Looking for Gold in Biofuel
Rumpelstiltskin has nothing on Westway Towing owner Craig Goldstein, who plans to turn the waste vegetable oil he collects from hundreds of restaurants and food service vendors into his own “liquid gold.”
Last year, Goldstein started a side business, Oil Recovery Interests, which collects the used oil from food operations from Miami to Tampa, including vendors at Sun Life Stadium, Fort Lauderdale-Hollywood International Airport and Woodfield Country Club in Boca Raton.
The company has been storing and cleaning the oil in tanks at his towing and auto-body facilities on Oakland Park Boulevard, then selling it to companies that make biodiesel fuel or that add the oil to fatten up livestock.
That’s just the first step for Goldstein.
“It’s environmentally friendly,” he said, adding that the federal government provides $2.50 in tax credits and renewable energy certificates for every gallon produced. “It’s the wave of the future.”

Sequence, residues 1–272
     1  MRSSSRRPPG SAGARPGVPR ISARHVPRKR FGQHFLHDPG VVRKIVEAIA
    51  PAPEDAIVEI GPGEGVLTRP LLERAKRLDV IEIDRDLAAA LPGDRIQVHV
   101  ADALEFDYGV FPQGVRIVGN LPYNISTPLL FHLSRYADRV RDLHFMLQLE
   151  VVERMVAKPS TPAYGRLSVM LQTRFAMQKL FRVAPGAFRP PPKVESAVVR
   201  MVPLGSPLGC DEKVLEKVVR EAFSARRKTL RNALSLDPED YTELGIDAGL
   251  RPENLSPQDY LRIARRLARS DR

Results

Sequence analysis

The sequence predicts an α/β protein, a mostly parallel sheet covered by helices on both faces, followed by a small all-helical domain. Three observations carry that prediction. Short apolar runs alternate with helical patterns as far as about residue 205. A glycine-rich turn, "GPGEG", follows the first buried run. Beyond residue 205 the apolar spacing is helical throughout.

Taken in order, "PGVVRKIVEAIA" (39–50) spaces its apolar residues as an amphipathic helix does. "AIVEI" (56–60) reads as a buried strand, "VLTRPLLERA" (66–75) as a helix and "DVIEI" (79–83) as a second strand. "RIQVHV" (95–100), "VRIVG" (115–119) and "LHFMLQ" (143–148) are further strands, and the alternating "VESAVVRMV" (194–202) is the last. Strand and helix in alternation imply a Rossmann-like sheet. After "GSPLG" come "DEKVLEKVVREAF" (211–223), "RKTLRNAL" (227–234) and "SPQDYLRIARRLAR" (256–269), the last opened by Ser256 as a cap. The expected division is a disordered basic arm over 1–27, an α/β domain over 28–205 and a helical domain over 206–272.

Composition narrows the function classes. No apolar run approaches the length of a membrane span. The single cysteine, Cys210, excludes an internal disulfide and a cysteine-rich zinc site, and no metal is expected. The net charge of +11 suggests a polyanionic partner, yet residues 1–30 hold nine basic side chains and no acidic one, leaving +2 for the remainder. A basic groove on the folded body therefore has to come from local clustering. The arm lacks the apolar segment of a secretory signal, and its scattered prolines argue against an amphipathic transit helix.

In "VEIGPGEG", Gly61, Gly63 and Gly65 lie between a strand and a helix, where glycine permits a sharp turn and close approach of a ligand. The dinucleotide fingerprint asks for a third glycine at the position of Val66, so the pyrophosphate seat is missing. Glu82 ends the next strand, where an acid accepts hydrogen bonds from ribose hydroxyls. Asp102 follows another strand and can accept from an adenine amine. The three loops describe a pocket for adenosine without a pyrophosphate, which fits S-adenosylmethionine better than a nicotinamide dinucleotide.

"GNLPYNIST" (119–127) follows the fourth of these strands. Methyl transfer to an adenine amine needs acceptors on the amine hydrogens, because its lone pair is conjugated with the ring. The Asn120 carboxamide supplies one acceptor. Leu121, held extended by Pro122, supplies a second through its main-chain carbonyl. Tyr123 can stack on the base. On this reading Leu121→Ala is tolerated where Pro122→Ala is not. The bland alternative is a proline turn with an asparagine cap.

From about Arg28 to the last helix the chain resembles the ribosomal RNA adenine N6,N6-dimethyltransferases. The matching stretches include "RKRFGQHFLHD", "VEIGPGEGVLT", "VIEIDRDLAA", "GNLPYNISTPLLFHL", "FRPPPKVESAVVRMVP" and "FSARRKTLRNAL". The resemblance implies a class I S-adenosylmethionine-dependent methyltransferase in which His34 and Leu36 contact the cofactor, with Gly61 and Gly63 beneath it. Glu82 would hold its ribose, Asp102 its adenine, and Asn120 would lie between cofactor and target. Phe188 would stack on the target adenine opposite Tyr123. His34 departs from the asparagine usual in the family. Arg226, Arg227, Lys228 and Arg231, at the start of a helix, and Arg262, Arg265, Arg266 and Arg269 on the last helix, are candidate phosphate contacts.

Turning used french-fry oil into truck fuel sounds like something out of Back to the Future, says employee Deron Key, recalling when Christopher Lloyd’s character, Doc Brown, returns from the future and is able to use banana peels and other garbage to fuel his time-traveling DeLorean.
“That’s what I see. That’s awesome,” said Key, who found out about the operation after being hired to paint some of the tanks.
But Goldstein, who already has purchased the plant equipment and has it on-site, can’t start up the business unless city commissioners allow it as an acceptable use in his zoning. In fact, even storing the waste oil on-site is a code violation. City officials said they weren’t aware of the situation until a fire marshal came across the storage tanks during an annual inspection.
Commissioners were supportive of Goldstein last week when he explained his plans to them.
“What do we have to do to make this happen?” Commissioner Levoyd Williams asked city staff. “I just want to get it done. Have a timeline.”
City Attorney James Brady urged caution, saying the city needs to make sure the proposal is compatible with nearby single-family homes.
“I certainly don’t know anything about this industry,” Brady said. “I think there’s a lot of public relations work that will be necessitated by this venture.”
Josh Simon, Goldstein’s partner in the venture who sold him the equipment, said the amount of methanol on-site would be minimal, 300 gallons at most at any time. The plant would operate outdoors, further minimizing risks, he said, and be “more than a football field” away from any homes..
That’s a small fraction of the 3.6 million gallons that can be produced at Greenwave Biodiesel in Fort Lauderdale, which opened last year.